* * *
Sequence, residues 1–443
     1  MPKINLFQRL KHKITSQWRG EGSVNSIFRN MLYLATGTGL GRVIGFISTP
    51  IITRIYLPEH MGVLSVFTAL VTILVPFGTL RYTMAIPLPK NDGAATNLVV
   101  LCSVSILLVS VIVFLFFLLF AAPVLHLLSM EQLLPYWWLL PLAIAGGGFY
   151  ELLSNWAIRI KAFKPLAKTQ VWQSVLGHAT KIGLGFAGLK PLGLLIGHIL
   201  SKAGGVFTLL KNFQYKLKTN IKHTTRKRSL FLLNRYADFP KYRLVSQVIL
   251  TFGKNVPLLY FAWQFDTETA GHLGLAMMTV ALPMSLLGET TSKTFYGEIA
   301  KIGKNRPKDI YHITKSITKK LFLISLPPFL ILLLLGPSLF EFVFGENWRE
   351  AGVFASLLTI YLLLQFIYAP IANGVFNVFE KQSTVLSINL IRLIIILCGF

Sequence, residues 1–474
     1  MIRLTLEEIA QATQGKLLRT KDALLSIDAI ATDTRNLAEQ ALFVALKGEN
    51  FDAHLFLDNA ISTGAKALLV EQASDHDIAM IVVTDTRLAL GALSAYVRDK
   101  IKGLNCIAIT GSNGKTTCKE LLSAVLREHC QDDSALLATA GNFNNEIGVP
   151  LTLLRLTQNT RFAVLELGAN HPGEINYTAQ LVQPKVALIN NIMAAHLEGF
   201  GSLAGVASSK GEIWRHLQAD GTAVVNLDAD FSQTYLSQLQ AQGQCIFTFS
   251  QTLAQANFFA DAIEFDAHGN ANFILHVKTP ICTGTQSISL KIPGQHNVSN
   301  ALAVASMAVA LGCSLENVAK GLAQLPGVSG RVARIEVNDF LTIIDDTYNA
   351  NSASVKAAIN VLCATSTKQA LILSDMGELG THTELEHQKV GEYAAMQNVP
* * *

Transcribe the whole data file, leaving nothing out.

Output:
Sequence, residues 1–443
     1  MPKINLFQRL KHKITSQWRG EGSVNSIFRN MLYLATGTGL GRVIGFISTP
    51  IITRIYLPEH MGVLSVFTAL VTILVPFGTL RYTMAIPLPK NDGAATNLVV
   101  LCSVSILLVS VIVFLFFLLF AAPVLHLLSM EQLLPYWWLL PLAIAGGGFY
   151  ELLSNWAIRI KAFKPLAKTQ VWQSVLGHAT KIGLGFAGLK PLGLLIGHIL
   201  SKAGGVFTLL KNFQYKLKTN IKHTTRKRSL FLLNRYADFP KYRLVSQVIL
   251  TFGKNVPLLY FAWQFDTETA GHLGLAMMTV ALPMSLLGET TSKTFYGEIA
   301  KIGKNRPKDI YHITKSITKK LFLISLPPFL ILLLLGPSLF EFVFGENWRE
   351  AGVFASLLTI YLLLQFIYAP IANGVFNVFE KQSTVLSINL IRLIIILCGF

Sequence, residues 1–474
     1  MIRLTLEEIA QATQGKLLRT KDALLSIDAI ATDTRNLAEQ ALFVALKGEN
    51  FDAHLFLDNA ISTGAKALLV EQASDHDIAM IVVTDTRLAL GALSAYVRDK
   101  IKGLNCIAIT GSNGKTTCKE LLSAVLREHC QDDSALLATA GNFNNEIGVP
   151  LTLLRLTQNT RFAVLELGAN HPGEINYTAQ LVQPKVALIN NIMAAHLEGF
   201  GSLAGVASSK GEIWRHLQAD GTAVVNLDAD FSQTYLSQLQ AQGQCIFTFS
   251  QTLAQANFFA DAIEFDAHGN ANFILHVKTP ICTGTQSISL KIPGQHNVSN
   301  ALAVASMAVA LGCSLENVAK GLAQLPGVSG RVARIEVNDF LTIIDDTYNA
   351  NSASVKAAIN VLCATSTKQA LILSDMGELG THTELEHQKV GEYAAMQNVP